An ependymoma can be classified as either malignant (cancerous) or benign, depending on how aggressive the tumour is. They can occur anywhere in the brain or spine, and have the potential to spread (disseminate or metastasise) to the spinal cord via the cerebrospinal fluid.
Less than 50 children a year develop ependymoma in the UK, representing around 10% of all childhood brain and spinal cord tumours.
Approximately 60% of all children diagnosed with this tumour type are less than five years old. Ependymomas can occur at any age but are rare among adults. Ependymomas are twice as likely to occur in the posterior fossa region of the brain which is found at the lower back of the head. Like most brain tumours the cause of ependymoma is unknown.
Signs and symptoms
The symptoms of ependymoma depend on where the tumour is located and whether there is increased pressure in the head. This is called raised intracranial pressure. Common symptoms may include:
- Nausea and vomiting
- Lethargy and irritability
- Difficulty with tasks like handwriting
- Gradual decline in school performance
- Changes in personality and behaviour
- Altered way of walking
If the tumour spreads or is located in the spinal cord, the signs and symptoms may include:
- Back pain
- Difficulty walking
- Problems with bowel and bladder control
Tests and investigations
Doctors will need to carry out some tests to find out as much as possible about the type, position and size of the tumour. This will help them decide on the best treatment. These tests include:
- CT scan
- MRI scan
- Lumbar puncture
Staging is a measure of how far the tumour has spread beyond its original site. The most important features in ependymoma are whether the tumour has spread to the spinal canal and whether the neurosurgeon has removed the entire tumour.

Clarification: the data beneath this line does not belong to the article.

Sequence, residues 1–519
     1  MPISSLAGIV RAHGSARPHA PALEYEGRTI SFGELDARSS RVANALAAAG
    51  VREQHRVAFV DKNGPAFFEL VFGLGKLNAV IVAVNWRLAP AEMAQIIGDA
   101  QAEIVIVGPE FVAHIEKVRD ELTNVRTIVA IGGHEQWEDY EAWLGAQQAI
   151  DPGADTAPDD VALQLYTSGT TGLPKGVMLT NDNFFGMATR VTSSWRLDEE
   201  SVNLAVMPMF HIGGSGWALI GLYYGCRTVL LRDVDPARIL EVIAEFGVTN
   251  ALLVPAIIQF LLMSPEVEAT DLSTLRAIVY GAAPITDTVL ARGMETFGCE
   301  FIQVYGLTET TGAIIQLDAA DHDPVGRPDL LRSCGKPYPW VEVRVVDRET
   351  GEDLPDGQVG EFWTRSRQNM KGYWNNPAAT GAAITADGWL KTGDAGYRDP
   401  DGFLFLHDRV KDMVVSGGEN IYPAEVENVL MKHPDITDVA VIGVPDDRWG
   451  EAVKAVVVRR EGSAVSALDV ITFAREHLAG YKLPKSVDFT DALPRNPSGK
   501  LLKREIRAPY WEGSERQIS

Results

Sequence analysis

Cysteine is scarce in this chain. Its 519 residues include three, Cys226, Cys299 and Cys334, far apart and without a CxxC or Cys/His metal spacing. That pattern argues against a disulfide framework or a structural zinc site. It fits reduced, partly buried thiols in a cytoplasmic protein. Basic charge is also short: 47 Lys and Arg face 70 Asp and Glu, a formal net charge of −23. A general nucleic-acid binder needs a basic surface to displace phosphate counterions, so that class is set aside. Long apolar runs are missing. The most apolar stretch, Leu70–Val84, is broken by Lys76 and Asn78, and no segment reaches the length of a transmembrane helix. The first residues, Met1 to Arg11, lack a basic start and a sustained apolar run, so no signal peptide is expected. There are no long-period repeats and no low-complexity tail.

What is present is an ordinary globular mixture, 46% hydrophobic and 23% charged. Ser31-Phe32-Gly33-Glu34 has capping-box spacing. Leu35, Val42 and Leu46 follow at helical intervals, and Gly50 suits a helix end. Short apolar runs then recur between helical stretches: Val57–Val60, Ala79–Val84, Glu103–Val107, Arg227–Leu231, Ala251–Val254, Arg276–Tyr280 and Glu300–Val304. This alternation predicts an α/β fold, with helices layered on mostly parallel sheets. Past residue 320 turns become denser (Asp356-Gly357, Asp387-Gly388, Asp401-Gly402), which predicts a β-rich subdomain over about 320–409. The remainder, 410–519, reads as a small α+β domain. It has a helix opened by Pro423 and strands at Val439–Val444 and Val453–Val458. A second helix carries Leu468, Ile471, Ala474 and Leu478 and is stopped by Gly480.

The prognosis for ependymoma is very closely related to whether the neurosurgeon can remove all of the tumour, and the spread and aggressiveness of the tumour.
Children who have had an incomplete removal of tumour at initial surgery, or evidence of tumour spread, have a reduced survival rate. The treatment of infants is difficult but results with intensive chemotherapy have been very encouraging.
As ependymoma can occur in young children and the treatment is given at an important time of the child's development there may be some long-term effects of treatment. These could include:
- Growth and hormonal changes
- Reduced fertility
- Behavioural changes
- Possible learning problems
- Difficulties with coordination.
- Hearing and visual disturbances
There is a small risk of developing a second cancer later in life.
All children treated for ependymoma are followed up after treatment is finished in the long-term brain tumour follow-up clinic. Your child will be seen at regular intervals in this clinic, indefinitely, so that we can help with any long-term effects of the treatment.